A bill filed Friday proposes that Wyoming lawmakers strip counties’ zoning authority over private schools. The proposed legislation comes amid a heated debate pitting private school parents against rural neighbors over a plan to build a new school for the Jackson Hole Classical Academy in South Park.
The proposal would rewrite state law to prohibit counties from zoning that restricts “the location, use or occupancy of a private school,” if the school is sited on a property of 35 acres or more serving 50 students or more. It would go into effect July 1, 2019.
No Teton County lawmakers are listed as sponsors of the bill.
The sponsors are Sens. Eli Bebout, R-Fremont; Hank Coe, R-Park; Wyatt Agar, R-Hot Springs; Brian Boner, R-Converse/Platte; Ogden Driskill, R-Crook/Weston/E.Campbell; and Cheri Steinmetz, R-Niobrara/Weston; and Reps. Aaron Clausen, R-Converse; Michael Greear, R-Washakie/Bighorn; Timothy Hallinan, R-Campbell; Tyler Lindholm, R-Crook; David Miller, R-Fremont; and Tim Salazar, R-Fremont.
During the first week the Legislature meets, the Classical Academy is inviting legislators to a “Jackson Hole Classical Academy Legislative Dinner” in Cheyenne. Hosts are listed as former Teton County Rep. Clarene Law, Steve and Polly Friess, who run the school, and two state senators sponsoring the bill, Bebout and Coe.
When asked about the goal of the dinner, Academy spokesperson Kristin Walker didn’t mention the bill.
She said in a statement that students from the academy will be traveling to Cheyenne to perform for state legislators, “as many students from across Wyoming often do during session. Supporters of the school are hosting a dinner the night before where students will also sing and share their experience attending the school. Students and representatives from other private and faith-based schools have also been invited. The dinner is an opportunity to facilitate a discussion with legislators about the important role schools like Jackson Hole Classical Academy play in meeting our education needs statewide.”
Such receptions are common during the legislative session. Lawmakers can spend nearly all their meals with interest groups, from bankers to realtors to mental health professionals to the AARP.
At a meeting with Teton County’s delegation to Cheyenne on Thursday, County Commissioner Greg Epstein worried over bills threatening local control, especially in Teton County.
Rep. Andy Schwartz, D-Teton, named three examples he’s aware of in the upcoming legislative session: efforts to kill local government control over imposing affordable housing exactions, regulating wildlife-friendly fencing and removing regulatory power over private schools.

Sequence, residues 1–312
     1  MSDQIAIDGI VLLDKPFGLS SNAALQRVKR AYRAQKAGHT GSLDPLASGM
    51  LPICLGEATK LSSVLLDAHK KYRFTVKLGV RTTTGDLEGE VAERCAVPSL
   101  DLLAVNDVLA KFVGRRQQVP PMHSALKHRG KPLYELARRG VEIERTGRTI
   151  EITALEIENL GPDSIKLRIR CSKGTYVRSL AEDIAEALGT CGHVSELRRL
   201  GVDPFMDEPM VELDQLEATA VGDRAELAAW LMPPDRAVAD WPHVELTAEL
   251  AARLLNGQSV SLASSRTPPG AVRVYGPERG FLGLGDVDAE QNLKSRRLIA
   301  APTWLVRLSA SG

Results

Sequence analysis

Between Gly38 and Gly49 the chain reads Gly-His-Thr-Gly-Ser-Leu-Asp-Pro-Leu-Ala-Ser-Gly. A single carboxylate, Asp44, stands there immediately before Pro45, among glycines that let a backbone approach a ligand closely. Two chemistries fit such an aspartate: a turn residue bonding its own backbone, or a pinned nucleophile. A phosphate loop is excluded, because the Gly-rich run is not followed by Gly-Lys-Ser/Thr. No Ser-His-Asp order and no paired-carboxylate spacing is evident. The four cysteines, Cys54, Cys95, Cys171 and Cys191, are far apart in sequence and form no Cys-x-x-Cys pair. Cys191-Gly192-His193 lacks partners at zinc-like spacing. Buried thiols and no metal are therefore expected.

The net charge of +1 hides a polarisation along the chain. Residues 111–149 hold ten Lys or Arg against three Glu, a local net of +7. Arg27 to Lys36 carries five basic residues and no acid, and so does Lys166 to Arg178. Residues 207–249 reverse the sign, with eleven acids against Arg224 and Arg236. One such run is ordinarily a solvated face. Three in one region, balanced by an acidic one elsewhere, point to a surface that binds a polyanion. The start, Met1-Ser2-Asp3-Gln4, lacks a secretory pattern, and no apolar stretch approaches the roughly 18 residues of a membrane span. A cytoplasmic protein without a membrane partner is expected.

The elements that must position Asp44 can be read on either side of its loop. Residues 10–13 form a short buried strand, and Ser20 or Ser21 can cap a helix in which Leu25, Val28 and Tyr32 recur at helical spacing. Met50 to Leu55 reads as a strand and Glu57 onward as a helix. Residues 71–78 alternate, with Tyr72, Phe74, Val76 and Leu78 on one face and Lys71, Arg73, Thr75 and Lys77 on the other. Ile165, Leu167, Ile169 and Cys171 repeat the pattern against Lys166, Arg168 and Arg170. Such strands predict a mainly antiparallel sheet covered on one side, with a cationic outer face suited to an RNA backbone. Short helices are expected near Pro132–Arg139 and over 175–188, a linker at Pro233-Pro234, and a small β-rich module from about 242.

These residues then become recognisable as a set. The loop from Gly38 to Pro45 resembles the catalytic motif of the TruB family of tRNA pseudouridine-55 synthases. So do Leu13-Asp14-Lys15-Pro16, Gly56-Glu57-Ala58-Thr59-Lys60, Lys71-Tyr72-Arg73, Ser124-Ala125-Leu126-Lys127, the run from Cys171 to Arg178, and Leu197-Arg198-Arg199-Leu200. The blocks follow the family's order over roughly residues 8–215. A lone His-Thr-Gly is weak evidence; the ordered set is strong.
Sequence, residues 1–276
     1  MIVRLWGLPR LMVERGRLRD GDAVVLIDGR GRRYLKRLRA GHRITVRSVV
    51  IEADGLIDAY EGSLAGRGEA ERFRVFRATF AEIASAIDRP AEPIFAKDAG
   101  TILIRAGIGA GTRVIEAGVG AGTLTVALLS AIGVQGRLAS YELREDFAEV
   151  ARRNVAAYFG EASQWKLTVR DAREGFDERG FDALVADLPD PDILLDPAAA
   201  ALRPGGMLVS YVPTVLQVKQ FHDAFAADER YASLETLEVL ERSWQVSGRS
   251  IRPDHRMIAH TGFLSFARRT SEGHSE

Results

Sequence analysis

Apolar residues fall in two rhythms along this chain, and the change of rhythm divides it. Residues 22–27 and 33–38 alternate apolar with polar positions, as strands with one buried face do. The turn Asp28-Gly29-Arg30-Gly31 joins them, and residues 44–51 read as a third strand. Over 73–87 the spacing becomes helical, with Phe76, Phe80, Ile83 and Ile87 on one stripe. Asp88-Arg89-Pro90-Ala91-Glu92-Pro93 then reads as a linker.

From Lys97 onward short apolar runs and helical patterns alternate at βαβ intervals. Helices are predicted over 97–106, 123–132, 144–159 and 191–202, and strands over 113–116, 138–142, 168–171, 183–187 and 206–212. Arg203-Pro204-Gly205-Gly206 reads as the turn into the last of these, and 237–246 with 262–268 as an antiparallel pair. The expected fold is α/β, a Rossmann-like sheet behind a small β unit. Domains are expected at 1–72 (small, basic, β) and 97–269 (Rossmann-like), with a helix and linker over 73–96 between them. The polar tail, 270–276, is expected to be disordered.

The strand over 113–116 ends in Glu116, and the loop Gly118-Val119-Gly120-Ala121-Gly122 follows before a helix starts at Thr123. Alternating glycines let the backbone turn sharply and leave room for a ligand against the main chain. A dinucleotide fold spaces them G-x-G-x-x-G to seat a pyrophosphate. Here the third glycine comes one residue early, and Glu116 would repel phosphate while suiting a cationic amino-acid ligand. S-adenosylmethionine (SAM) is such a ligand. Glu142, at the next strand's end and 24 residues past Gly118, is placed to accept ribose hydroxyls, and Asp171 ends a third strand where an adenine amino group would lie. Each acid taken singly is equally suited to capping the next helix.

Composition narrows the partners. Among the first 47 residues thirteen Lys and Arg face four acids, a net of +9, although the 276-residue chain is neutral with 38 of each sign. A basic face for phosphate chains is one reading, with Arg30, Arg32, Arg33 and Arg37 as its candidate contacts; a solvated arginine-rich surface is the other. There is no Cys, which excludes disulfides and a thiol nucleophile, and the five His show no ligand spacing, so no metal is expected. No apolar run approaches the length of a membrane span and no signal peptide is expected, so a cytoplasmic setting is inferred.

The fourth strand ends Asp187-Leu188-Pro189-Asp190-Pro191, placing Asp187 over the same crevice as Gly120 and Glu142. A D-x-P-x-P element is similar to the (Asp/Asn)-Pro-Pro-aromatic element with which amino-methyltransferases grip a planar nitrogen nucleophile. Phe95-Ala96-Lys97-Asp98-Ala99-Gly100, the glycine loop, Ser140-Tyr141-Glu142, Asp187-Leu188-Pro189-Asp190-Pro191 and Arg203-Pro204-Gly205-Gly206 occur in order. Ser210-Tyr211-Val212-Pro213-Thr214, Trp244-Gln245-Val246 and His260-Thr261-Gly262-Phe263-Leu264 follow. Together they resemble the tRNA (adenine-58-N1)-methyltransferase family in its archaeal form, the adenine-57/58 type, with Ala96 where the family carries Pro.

Rep. Mike Yin, D-Teton, said he was troubled by an “end-run around local legislators.”
“Part of my campaign was to make sure we have more control over how we do things in Teton County,” Yin said.
Sen.-elect Mike Gierau, D-Teton, met with academy representatives and said he understands some of their frustrations with the local planning process.
“There’s a reason why people go to Cheyenne to try to get a problem solved in their community,” he said. “They come down because they’re desperate, and they feel like they’re not getting heard.”
Still, Gierau said “Teton County’s planning issues are best handled in Teton County.”
The county doesn’t have regulatory or zoning power over public schools since the Department of Education is a state agency. The county had no say in the location of Munger Mountain Elementary in Hog Island, for example. But private schools must comply with county development rules.
Walker said the academy is focused on pursuing a new school through the local planning process but is also pursuing other options, especially given Wyoming’s struggles with overcrowded and underfunded public schools.
“Privately funded schools can, and should, play a role in meeting our education needs,” Walker said. “Leadership at JH Classical Academy has participated in initial discussions with stakeholders across the state regarding solutions that will ensure private and faith-based schools have a level playing field on which to support Wyoming students and families.”
Schwartz said public schools are held publicly accountable with an elected board, which is a different model from private schools.
Rich Bloom, a South Park resident who has galvanized opposition to placing the new school in the rural neighborhood, called the legislative effort an “egregious end-run” to strip local oversight of private schools.
On Jan. 3, county commissioners plan to review the academy’s proposal to expand the allowed building size from 10,000 square feet to 30,000 to accommodate a gym and auditorium at a future school. In order to allow such a big facility in the rural zone, the academy is asking the county to change its rural zoning regulations for the entire county.
As the Classical Academy outgrows its current facility and runs out of time on its lease, the school urgently needs a new home. Head of School Polly Friess said the school’s existing lease on church land on High School Road expires June 30. Teacher employment offers and enrollment for the 2019 school year need to happen this spring. Negotiations to potentially extend the current lease have been ongoing for more than a year, she said.
The legislative session starts Jan. 8.